Comprehensive touchscreen characterisation of the APP/PS1 mouse model of Alzheimer’s disease
AuthorShepherd, Amy Louise
AffiliationFlorey Department of Neuroscience and Mental Health
Document TypePhD thesis
Access StatusThis item is embargoed and will be available on 2021-08-14. This item is currently available to University of Melbourne staff and students only, login required.
Alzheimer’s disease is the most common form of dementia, and represents one of the biggest health challenges of our time. As such, it has been the subject of intense research for the past 20 years, but, as of yet, no effective disease-modifying treatments have passed clinical trials. The use of AD mouse models to identify potential treatments is a predominant method used by the field, but cognition is not assessed in these models in a comparable way to the clinic. This body of work was interested in using rodent touchscreen technology to comprehensively characterise clinically relevant cognitive domains in the APP/PS1 mouse model of AD. Four cohorts of APP/PS1 mice (and wild-type littermate controls) from 8-26 months of age underwent touchscreen tasks assessing attention, impulsive and compulsive behaviours and executive function, as well as hippocampal-dependent associative learning, pattern separation and working memory. Additionally, a touchscreen-exposed and naïve cohort of 12-month-old animals underwent 2 traditional behavioural tasks that are well characterised in the literature, the Morris water maze and forced alternation. APP/PS1 mice showed slightly increased impulsive and compulsive behaviour at 11 months of age, as well as a subtle executive function deficit at 16 months of age that became increasingly severe to 26 months of age. At 12 months of age, APP/PS1 mice showed no changes on touchscreen-assessed associative learning or attention, nor in Morris water maze or forced alternation. Furthermore, APP/PS1 mice showed no changes in basic learning or vision function up to 26 months of age, nor in working memory or pattern separation up to 16 months of age. Cell proliferation in the hippocampus was affected by age but not genotype at 12 and 21 months of age. As one would expect hippocampal-dependent deficits to occur prior to executive dysfunction, we became interested in how environmental factors may change disease progression in AD mouse models. We completed a systematic review on the effects of exercise and environmental enrichment (EE) on AD mouse models, and found that both EE and exercise consistently improved cognition and increased neurogenesis and synaptic plasticity markers, while the effects on amyloid were inconsistent. Thus, we hypothesized that the touchscreen testing paradigm may have improved hippocampal function and thus delayed onset of symptoms in the APP/PS1 mice. This body of work provides the first full characterization of any AD mouse model across various ages, and the battery developed can be used for future studies.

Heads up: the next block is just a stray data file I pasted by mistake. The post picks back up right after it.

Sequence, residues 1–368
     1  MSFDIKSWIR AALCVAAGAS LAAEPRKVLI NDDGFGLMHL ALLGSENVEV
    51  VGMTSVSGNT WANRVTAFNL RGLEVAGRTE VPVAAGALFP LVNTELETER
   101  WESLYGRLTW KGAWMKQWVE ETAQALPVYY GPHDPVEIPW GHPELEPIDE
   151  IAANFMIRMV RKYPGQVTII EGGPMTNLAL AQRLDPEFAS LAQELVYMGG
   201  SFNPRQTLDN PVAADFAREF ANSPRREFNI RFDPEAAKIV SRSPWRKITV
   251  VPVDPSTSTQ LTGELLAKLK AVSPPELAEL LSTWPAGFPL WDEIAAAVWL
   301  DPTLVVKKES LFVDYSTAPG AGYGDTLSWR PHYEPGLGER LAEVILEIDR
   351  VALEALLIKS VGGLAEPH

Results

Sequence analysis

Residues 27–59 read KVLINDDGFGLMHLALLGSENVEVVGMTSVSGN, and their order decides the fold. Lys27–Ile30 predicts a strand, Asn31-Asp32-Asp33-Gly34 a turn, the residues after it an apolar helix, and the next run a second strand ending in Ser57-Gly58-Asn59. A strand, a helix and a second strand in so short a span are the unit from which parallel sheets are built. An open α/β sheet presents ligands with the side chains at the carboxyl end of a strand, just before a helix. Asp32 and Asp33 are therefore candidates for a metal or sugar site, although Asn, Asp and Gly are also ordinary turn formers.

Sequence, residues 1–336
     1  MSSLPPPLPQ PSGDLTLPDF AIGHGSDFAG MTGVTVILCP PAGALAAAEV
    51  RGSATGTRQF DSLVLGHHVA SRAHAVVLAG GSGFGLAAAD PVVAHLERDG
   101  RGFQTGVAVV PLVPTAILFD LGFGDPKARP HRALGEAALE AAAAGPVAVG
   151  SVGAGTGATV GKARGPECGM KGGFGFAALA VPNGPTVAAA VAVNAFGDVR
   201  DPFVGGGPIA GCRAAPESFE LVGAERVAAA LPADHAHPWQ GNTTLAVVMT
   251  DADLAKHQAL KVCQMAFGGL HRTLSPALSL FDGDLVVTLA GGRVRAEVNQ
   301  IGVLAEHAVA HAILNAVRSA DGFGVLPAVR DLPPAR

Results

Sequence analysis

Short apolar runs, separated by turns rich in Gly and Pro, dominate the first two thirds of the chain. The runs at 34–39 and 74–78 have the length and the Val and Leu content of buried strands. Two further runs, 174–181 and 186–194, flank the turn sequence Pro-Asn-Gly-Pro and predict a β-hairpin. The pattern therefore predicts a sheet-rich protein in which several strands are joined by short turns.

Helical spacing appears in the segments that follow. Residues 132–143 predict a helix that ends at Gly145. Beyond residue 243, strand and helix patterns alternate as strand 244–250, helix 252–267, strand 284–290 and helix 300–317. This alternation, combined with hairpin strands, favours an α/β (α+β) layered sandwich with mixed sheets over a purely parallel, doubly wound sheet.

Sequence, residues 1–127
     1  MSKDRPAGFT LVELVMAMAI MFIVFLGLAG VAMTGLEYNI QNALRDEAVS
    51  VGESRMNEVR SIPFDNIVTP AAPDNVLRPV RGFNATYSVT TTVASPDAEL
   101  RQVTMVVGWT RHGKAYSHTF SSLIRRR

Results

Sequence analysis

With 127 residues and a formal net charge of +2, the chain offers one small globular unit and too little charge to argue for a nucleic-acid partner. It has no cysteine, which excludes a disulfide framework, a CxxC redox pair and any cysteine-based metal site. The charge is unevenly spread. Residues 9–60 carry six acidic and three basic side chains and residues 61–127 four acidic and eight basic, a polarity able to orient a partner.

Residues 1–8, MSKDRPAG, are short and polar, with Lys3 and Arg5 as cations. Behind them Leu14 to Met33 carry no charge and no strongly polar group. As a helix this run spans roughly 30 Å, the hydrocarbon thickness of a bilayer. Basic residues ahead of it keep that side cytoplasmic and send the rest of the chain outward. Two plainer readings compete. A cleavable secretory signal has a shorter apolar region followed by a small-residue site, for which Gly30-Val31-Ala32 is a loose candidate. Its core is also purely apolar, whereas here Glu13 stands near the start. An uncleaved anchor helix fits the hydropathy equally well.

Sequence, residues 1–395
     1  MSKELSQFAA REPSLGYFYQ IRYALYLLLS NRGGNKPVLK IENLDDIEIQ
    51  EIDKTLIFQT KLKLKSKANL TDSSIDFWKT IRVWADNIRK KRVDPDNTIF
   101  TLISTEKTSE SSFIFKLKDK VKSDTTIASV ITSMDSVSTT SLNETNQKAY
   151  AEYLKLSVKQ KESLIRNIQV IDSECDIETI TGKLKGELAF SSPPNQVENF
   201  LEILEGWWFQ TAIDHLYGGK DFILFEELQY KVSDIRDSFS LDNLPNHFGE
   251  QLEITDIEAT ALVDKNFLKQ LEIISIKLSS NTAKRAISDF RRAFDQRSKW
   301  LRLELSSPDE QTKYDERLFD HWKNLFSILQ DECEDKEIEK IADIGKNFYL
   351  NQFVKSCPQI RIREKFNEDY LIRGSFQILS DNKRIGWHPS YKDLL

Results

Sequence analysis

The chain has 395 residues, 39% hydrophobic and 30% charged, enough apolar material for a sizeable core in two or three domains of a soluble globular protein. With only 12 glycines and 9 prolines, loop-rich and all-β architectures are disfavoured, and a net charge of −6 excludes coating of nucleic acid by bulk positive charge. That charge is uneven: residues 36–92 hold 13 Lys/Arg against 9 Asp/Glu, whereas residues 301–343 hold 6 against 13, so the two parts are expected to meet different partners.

KeywordsAlzheimer's disease; APP/PS1 mouse; preclinical animal model; touchscreen
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